Preparation and In Vitro Analysis of Dendrimer-encapsulated Liposomes
thesisposted on 24.10.2013 by Eri Iwasaki
In order to distinguish essays and pre-prints from academic theses, we have a separate category. These are often much longer text based documents than a paper.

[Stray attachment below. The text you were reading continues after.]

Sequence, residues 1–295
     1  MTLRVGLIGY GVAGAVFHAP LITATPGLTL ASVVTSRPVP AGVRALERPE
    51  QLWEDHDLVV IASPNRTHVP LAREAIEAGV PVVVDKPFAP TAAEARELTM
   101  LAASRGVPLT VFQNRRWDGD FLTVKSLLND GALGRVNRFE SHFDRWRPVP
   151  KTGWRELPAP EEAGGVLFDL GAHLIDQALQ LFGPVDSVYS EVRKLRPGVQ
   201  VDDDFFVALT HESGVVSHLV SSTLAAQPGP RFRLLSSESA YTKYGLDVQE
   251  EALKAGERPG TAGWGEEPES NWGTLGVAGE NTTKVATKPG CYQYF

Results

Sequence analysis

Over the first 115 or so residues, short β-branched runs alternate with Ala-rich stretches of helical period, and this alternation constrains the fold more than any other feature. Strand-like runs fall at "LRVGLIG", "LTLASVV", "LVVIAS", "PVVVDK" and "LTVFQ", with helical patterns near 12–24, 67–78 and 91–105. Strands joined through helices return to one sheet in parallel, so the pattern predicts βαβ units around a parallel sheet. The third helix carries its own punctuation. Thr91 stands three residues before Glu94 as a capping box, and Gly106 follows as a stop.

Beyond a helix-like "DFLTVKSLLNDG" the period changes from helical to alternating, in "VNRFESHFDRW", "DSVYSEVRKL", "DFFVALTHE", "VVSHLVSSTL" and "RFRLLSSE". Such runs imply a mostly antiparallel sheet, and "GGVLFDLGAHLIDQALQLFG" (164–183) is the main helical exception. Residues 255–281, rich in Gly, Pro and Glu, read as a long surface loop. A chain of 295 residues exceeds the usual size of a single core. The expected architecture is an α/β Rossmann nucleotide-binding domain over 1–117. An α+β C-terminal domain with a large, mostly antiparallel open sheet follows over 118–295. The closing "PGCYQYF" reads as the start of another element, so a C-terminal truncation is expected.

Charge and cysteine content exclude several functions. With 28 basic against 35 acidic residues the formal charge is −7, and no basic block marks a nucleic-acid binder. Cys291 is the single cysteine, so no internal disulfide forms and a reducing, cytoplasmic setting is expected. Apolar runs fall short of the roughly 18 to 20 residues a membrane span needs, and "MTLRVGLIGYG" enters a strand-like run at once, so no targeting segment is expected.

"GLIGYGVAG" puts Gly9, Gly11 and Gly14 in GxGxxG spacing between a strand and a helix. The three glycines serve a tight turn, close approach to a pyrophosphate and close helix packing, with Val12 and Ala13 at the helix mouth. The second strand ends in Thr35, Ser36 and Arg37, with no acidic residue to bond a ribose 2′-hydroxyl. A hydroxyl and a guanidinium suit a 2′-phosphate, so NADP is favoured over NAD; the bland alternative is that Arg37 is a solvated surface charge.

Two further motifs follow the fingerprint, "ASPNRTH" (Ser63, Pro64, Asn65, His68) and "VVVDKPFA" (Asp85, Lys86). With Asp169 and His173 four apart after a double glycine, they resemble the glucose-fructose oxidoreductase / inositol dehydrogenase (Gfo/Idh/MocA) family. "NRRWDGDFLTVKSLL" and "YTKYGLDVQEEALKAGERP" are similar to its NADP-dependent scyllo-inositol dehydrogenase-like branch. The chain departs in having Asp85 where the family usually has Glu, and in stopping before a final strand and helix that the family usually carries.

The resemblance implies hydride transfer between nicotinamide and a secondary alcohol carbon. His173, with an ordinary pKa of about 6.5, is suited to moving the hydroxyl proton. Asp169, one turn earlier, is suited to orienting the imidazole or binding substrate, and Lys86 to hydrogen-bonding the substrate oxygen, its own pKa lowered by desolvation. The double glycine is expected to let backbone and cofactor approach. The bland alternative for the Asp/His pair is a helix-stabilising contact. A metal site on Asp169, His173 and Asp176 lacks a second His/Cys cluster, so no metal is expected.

Since most of currently available cancer chemotherapeutics often come with severe side effects caused by high toxicity to healthy cells and tissues, it is important to design a novel platform to deliver drugs specifically to the target tissue. In order to minimize these side effects, a number of nanoparticle-based therapeutic, including liposomes, polymeric nanoparticles, micelles, dendrimers, and metallic nanoparticles, has been developed in the last few decades. Consequently, application of these nanotechnologies in the medical field has enhanced the therapeutic activity and reduced the toxic side effects of cancer drugs. In this study, G2 PAMAM dendrimer conjugates (G2-RITC-NH2) were encapsulated into liposomes consisting of DMPC, DSPE-PEG-2000, and cholesterol using a lipid film hydration method. Three different liposomal formulations were prepared by varying the cholesterol content at 25, 50, and 75 mol%. The liposomes were then investigated in terms of (i) release kinetics of G2-RITC-NH2 from each liposome, (ii) cellular uptake kinetics, (iii) endocytosis mechanisms, and (iv) cytotoxicity. The release profiles of G2-RITC-NH2 from each liposome revealed that the stability of the liposomes is highly dependent on the cholesterol level in the lipid bilayer. Microscope observations and flow cytometry measurements also showed the different internalization kinetics of the three liposomal formulations from that of unencapsulated G2-RITC-NH2. In order to further investigate the endocytosis mechanisms of these materials, MCF-7 cells were pre-treated with 5 mM MβCD before being incubated with unencapsulated G2-RITC-NH2 and the liposomal formulations up to 24 h. The results obtained from the flow cytometry analysis indicated that G2-RITC-NH2 internalizes into the cells by a different mechanism compared to the liposomes. Finally, cytotoxicity of G2-RITC-NH2 and the three liposomal formulations was investigated, which showed no significant inhibition of cell proliferation up to 10 µM normalized based on the G2-RITC-NH2 concentration, indicating that the materials could be used as a drug delivery platform. In summary, the in vitro characterization experiments conducted in this study serve as a critical starting point to engineer effective drug delivery systems that combine the advantages of dendrimers and liposomes.